The timing of “Geoffrey & Carmen: A Memoir in Four Movements,” a new exhibit at the DuSable Museum of African American History, seems especially propitious. The show highlights two undersung black cultural icons, Geoffrey Holder and Carmen de Lavallade, who have been married for more than 50 years. Black History Month and Valentine’s Day: two birds, one stone. But no, it’s purely a coincidence, says Raymond Ward, DuSable’s media-relations director and one of the exhibit organizers. “It was supposed to happen in August  to celebrate Geoffrey’s birthday,” Ward says, but the museum needed more time. “Geoffrey has done exhibits before, but we wanted this to be about both of them. Carmen is just as exciting.”
Even if their names don’t immediately ring a bell, you’ve probably encountered the prolific artistic output of Holder, 83, and De Lavallade, 81. Ever seen the original film version of Annie? (Holder played Punjab.) Watched those 7UP commercials from the ’70s? (He’s the guy in the white hat talking about “uncola.”) Caught anything by the Alvin Ailey American Dance Theater? (De Lavallade was Ailey’s first muse.)
Originally from Trinidad, Holder moved to the U.S. for his promising dance career in 1952. De Lavallade grew up in Los Angeles. They met as cast members in the Broadway musical House of Flowers in 1954. Within four days of their meeting, Holder proposed.
Holder, who paints, dances and designs costumes, among many other activities, won Tony Awards for Best Director and Best Costume Design for The Wiz in 1975. De Lavallade, a dancer, actor and singer, choreographed and directed operas and taught movement to Meryl Streep, Sigourney Weaver and Henry Winkler, among others, at Yale.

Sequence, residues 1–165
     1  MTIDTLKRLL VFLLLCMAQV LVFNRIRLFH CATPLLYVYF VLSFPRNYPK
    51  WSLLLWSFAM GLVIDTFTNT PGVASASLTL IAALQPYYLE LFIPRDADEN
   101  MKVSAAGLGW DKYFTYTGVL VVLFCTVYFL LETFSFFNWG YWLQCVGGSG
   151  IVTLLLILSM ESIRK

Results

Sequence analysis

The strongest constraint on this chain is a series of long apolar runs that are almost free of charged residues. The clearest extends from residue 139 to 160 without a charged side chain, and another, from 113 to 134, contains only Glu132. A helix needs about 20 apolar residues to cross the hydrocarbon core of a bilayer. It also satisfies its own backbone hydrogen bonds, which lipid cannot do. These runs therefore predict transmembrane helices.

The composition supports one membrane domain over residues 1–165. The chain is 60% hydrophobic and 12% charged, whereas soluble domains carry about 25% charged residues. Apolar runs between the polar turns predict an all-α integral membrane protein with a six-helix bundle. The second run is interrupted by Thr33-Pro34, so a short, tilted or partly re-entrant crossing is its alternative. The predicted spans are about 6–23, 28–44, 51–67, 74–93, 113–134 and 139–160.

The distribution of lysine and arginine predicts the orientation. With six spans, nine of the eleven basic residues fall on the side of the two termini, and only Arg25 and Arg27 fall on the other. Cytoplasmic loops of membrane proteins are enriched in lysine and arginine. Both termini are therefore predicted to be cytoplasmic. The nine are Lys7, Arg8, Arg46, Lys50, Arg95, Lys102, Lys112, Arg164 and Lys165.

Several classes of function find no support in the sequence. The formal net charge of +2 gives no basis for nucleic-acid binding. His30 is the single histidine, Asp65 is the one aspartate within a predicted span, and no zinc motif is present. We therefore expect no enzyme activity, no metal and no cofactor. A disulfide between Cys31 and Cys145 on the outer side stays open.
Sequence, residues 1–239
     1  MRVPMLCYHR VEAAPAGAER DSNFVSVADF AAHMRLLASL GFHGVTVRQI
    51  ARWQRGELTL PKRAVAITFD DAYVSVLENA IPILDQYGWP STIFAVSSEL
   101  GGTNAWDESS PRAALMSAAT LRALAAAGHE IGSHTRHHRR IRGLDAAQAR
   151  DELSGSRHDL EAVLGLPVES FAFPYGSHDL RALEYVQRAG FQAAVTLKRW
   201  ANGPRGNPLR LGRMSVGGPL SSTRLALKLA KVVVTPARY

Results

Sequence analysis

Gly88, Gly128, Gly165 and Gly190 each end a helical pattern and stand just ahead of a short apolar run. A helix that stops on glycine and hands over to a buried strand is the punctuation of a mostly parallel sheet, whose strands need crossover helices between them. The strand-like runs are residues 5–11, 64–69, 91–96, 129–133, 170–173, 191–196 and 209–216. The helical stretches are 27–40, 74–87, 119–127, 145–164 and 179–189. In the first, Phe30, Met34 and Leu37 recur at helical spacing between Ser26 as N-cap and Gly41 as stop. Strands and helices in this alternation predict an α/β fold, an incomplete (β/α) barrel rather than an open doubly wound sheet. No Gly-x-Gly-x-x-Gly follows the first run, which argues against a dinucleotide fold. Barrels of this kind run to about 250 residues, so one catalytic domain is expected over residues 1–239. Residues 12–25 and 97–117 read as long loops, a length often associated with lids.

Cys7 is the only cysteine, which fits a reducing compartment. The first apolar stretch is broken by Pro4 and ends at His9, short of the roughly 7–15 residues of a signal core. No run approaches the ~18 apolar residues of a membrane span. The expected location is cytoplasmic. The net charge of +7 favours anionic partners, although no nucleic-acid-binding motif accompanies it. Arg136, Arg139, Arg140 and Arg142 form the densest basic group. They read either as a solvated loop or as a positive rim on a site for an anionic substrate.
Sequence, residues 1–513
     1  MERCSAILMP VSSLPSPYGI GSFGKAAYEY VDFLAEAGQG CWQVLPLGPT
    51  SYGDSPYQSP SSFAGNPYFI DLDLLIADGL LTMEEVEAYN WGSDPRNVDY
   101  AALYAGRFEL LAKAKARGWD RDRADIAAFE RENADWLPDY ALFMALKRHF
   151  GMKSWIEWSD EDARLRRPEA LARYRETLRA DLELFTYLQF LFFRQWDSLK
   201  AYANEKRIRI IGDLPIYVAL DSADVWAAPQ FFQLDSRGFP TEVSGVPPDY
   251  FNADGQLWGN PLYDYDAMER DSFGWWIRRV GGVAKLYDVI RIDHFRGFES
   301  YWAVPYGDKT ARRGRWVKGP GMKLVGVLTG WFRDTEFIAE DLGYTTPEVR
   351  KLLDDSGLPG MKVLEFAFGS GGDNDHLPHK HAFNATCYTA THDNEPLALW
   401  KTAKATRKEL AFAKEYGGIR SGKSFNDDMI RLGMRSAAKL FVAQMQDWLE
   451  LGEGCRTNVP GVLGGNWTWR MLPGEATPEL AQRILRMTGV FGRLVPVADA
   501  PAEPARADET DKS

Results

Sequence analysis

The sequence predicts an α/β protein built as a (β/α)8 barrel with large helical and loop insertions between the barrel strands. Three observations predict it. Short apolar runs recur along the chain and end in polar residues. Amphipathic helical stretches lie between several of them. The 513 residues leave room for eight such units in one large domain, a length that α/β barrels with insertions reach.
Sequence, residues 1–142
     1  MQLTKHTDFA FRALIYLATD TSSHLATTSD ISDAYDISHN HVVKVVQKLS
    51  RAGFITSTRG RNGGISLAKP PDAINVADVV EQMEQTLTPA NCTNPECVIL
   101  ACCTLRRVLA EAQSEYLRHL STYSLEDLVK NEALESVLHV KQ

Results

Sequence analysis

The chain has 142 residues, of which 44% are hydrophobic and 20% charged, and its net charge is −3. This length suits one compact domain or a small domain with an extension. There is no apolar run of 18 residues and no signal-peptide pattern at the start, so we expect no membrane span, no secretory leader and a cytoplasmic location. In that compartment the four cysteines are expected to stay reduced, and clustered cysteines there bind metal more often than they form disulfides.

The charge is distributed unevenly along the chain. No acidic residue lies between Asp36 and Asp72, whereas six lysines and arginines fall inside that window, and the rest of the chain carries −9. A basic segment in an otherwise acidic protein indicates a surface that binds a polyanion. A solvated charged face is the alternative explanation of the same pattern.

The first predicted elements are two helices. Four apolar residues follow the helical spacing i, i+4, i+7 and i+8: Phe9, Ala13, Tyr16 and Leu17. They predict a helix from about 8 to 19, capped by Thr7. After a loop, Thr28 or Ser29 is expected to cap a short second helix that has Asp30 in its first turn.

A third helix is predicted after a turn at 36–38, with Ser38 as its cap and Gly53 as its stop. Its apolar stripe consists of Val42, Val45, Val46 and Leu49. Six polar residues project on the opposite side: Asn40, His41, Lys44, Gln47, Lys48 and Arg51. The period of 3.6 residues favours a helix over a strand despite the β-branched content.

When De Lavallade and Holder learned the DuSable was interested in mounting an exhibit on them, they were thrilled. “I thought it was a really wonderful idea,” De Lavallade says by phone from New York, where she and Holder live. “When I look at what Geoffrey and I have done, that I experienced all of that, not many people get that privilege.”
“Geoffrey & Carmen,” whose four movements or themes are theater, art, dance and design, is the first DuSable exhibit to tour nationally; it will stop in L.A. and Trinidad. Of the more than 90 personal items, notable pieces include a nude sculpture (“My lady!” De Lavallade exclaims when I mention it. “That was my first sculpture. I took a class”); a very heavy gold coat that Holder designed for De Lavallade to wear to the Kennedy Center Honors (“That was our Christmas treat to ourselves. Every year, we’d go to the Kennedy Center Honors, and Geoffrey would design two dresses for me”); and a bust of Billie Holiday made of black masking tape and a propeller fan. “He has a very special eye,” De Lavallade says of her spouse.
Throughout their adventures, their interactions with stars such as Duke Ellington, Josephine Baker and Benny Goodman, De Lavallade says they have been nothing but supportive of each other. “We appreciate each other’s work,” she says. “He gives me freedom, and I give him freedom.” A good tip for both marriage and art.